Jarvik explains that her current play at Plan-B, “Based on a True Story,” is about trying “to understand faith and comfort” —Jarvik is a non-believer but attends the nearby Presbyterian church, where she enjoys the sense of community, playing the drums, and the “incredible sermons of Pastor and poet Scott Dalgarno, being reminded each week to be a better person.” It’s also about time travel. The story takes place in 2046, after a malfunction in a time machine that was supposed to let you go backwards. The intake worker at the shelter where Megan ends up in the future on a search for her husband is a guy named Chuck with troubles of his own.
Asked what it’s like to give her play over to a director, Jarvik says, “I like to have control, so it’s hard, but I trust these people completely, so that’s not the problem. For me, the problem is that I’m always dissatisfied with my own work so I start seeing what I would like to have changed – and it’s too late.”
“I know the director and actors understand my plays better than I do.” She says that their interpretations can sometimes surprise her. “That’s how theater works.”
Later, while pondering what her favorite feature story of all time might be (we ask the most insightful questions, don’t we?) Jarvik mentions an incredible windstorm that occurred one Christmas “around the time Sony was hacked. And garbage cans were blown over and people’s stuff, their secrets, got spread all over the neighborhood. I picked up a lot of it and put it back into the cans. Think of it: nature hacking people’s secrets. There’s got to be a play there . . . “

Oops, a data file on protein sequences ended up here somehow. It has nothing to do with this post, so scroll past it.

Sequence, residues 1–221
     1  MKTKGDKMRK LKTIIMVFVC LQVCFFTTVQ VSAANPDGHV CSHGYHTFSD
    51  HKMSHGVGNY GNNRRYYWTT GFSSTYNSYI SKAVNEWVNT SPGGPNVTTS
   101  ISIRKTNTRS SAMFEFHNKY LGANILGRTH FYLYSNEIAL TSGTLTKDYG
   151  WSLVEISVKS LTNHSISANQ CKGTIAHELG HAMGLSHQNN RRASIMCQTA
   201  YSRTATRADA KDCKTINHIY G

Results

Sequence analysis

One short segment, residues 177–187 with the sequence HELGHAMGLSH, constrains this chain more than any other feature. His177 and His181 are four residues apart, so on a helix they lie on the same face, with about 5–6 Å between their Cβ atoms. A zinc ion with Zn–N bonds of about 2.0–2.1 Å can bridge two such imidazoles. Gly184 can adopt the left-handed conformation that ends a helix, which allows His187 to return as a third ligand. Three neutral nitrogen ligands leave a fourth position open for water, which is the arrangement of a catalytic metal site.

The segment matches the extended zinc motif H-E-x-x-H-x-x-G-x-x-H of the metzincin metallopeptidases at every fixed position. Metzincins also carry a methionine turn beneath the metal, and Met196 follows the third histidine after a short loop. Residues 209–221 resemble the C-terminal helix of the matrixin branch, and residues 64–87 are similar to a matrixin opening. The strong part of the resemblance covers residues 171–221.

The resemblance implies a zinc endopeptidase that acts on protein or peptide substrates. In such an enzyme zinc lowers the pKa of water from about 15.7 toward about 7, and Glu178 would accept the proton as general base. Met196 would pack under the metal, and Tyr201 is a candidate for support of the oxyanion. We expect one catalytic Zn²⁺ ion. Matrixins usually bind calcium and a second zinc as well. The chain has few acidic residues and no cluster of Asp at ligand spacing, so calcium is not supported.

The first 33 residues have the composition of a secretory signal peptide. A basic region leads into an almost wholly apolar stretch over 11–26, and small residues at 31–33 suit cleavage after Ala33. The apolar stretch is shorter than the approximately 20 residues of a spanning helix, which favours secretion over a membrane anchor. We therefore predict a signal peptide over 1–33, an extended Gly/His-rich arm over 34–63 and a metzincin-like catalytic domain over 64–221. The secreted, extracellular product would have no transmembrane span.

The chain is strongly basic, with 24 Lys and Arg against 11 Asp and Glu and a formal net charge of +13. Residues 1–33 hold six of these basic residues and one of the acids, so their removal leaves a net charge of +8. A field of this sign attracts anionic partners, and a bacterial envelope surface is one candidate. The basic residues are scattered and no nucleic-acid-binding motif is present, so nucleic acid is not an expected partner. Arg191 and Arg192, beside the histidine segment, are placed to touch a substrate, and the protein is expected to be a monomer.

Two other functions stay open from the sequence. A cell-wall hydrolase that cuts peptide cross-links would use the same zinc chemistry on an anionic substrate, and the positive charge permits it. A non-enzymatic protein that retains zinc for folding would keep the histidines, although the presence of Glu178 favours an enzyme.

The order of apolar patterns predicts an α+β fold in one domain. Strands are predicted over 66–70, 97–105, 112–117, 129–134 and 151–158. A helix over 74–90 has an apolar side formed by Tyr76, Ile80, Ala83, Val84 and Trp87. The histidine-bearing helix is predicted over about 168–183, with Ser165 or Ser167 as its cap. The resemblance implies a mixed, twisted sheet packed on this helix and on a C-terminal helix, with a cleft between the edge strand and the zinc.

The ever-imaginative Elaine Jarvik is on another role.
Theater: Salt Lake City
Climbing with Tigers
Red Fred Project, Salt Lake Acting Company and Flying Bobcat Theatrical Laboratory bring a child’s vision to life
Picture a young child coloring: they smile in delight at picking out just the right crayon or enthusiastically grab a random one from the floor; they fill the page with broad strokes of vibrant color without any regard for the lines (assuming there are any); and an infectious sense of uninhibited glee brightens their eyes because they know that with just a little magic, the pictures they create can become an entire world of their own making, where epic adventure awaits. For a child’s imagination has unmistakable power—just ask 9-year-old Nathan Glad, a sweet-natured little boy with Osteogenesis Imperfecta (or brittle bones disease), whose dreams of becoming stronger inspired a book he helped to co-create and which has now been brought to life, illustrations and all, as a hero’s journey for the stage in the world premiere of Climbing with Tigers.